This week I used for loops to create a popular illusion. Looking at the sketch you can see that some of the white circles start seeming as if they are black while all of them are white. This is a common illustration of optical illusion called lateral inhibition. Since the whole illusion can be done in the setup function, I wanted to add some complexity. When clicking on the screen, the circles randomly change their color. A bit of a playful element I guess.
The code that I’m proud of is the way I connected all the variables to the offset variable. By changing offset you can get either more of smaller circles with similar size of lines or less of bigger circles with bigger lines. Also, the user can change the window size and the sketch will still make perfect sense.
I’m proud of the fact that creating the illusion only took me 2 loops with singles lines.In the future, I would like to make the interaction less random. As in making the circles change color one by one in a timely manner. Also, include the user interaction with keys and mouse movements.
I learned the basic concepts of p5.js, such as circles, ellipses, and colors, through online tutorials, practice coding, and experimentation. I started out by learning how to create basic shapes using the ellipse and circle functions and then moved on to manipulating more complex shapes such as hair and eyes. I then experimented with different colors to create a more life–like image. After mastering the basics, I began to understand how to use conditionals to create an animation. I then began to experiment with different speeds and directions to create a more dynamic animation. With each new concept I learned, I was able to create a more realistic self–portrait that accurately captures my personality.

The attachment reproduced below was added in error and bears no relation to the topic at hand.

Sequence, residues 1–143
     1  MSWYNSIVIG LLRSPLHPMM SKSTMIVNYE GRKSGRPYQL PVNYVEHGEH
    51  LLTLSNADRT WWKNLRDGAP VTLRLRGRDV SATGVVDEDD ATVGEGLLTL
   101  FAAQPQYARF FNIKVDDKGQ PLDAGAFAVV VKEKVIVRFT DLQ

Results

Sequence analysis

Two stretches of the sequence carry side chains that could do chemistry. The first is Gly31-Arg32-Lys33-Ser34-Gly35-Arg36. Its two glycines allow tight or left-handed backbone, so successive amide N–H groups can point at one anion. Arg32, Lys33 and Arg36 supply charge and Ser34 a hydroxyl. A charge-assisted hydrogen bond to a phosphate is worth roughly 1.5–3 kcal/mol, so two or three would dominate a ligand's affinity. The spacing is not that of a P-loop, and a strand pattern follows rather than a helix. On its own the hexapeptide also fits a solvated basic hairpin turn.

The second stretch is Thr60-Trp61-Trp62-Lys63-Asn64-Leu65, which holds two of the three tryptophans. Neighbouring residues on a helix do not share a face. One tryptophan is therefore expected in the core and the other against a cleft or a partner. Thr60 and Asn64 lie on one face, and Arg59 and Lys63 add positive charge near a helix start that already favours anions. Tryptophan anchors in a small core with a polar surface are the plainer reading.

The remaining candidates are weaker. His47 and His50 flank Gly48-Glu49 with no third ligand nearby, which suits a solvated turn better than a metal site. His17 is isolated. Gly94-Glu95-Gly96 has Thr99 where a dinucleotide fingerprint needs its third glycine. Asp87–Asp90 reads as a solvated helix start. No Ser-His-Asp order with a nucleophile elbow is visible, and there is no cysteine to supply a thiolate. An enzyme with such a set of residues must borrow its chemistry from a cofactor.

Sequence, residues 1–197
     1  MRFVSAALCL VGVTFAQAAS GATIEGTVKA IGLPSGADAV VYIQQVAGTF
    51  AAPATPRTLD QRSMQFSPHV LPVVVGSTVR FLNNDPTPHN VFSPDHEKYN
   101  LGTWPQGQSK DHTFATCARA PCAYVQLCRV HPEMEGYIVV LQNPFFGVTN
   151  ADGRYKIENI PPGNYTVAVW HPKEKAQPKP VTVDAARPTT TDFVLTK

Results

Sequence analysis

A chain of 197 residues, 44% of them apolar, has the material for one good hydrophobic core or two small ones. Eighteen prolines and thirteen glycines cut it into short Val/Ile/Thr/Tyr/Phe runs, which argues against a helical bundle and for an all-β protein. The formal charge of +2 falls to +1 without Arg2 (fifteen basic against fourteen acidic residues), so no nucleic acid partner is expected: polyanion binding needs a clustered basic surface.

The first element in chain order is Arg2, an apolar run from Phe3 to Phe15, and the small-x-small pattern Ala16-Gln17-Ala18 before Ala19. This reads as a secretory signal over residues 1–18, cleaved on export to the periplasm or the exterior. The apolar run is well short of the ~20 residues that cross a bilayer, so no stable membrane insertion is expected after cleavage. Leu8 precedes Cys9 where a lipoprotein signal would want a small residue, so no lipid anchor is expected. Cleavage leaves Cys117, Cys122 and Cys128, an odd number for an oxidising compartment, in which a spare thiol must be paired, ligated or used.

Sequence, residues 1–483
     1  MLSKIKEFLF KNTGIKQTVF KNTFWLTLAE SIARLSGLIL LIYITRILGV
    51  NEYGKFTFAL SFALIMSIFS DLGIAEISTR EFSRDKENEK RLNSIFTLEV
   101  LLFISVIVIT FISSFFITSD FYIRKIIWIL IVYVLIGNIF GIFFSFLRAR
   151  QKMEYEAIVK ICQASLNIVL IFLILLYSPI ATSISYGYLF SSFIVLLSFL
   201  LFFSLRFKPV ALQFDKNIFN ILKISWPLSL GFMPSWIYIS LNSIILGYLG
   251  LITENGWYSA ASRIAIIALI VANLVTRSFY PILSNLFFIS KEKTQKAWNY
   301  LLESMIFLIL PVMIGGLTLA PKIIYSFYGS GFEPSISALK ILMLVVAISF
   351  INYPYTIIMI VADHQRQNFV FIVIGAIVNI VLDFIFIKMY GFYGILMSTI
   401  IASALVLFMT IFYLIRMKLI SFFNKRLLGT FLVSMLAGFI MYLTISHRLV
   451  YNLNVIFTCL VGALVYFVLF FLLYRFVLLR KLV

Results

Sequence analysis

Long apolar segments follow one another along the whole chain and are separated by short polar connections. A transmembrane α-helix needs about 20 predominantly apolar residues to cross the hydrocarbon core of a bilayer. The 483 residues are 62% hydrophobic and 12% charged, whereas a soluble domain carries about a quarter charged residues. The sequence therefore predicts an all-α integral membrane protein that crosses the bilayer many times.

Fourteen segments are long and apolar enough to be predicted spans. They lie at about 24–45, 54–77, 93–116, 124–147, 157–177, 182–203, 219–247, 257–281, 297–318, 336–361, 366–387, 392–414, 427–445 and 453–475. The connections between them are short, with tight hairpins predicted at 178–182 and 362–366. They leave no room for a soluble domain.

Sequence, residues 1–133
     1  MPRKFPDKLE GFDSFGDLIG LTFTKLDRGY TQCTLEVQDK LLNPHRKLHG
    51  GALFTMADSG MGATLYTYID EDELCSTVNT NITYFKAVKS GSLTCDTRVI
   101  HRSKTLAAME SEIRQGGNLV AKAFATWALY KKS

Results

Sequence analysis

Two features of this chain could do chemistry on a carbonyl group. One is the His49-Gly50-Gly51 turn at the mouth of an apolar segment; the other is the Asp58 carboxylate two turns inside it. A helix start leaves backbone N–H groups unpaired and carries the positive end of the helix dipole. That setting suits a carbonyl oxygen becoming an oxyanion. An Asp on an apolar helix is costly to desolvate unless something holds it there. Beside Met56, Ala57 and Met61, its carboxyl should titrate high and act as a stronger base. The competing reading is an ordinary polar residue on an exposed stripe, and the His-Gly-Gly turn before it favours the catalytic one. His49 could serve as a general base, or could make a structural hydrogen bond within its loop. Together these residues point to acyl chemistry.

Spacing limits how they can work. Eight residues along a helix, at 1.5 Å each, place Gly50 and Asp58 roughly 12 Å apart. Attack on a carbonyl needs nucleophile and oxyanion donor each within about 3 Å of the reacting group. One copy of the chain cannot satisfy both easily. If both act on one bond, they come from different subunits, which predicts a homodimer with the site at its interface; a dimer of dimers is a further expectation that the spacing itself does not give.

This p5.js code is a moving self–portrait of me. It is a creative piece of code that uses mathematical concepts such as conditionals, variables, and geometry to create an animation. The code is comprised of a setup and draw function and uses variables for the coordinates, directions, and speed of the animation. The setup function creates a canvas of 400x400 pixels and sets the starting positions and speeds of the animation. The draw function uses the variables to draw the self-portrait, which consists of a head with eyes, hair, a nose, and a tongue. The head will move from side to side and bounce up and down when it hits the boundaries. This code captures my playful and creative spirit, as it animates me in a unique and amusing way.
The part of the code that I am most proud of is the part of moving and boundary detection. I was able to connect all pieces of the face into one variable so that all of them move simultaneously. Also, the ternary operator is my way of showing my CS skills(jk).
Reflecting on this project, I am proud of my progress and the creative outcome of the code. I am now confident in my ability to use the fundamental concepts of p5.js to create engaging visuals. However, I am also aware that there is still room for improvement and further exploration. I plan to add user interaction to the animation, for example, allowing users to move the portrait with their mouse. Additionally, I would like to incorporate video sensors to create a more life–like animation. This could be achieved by tracking a user’s facial movements and incorporating them into the animation. As I continue to explore the limitless possibilities of p5.js, I look forward to creating increasingly complex animations and engaging interactive experiences.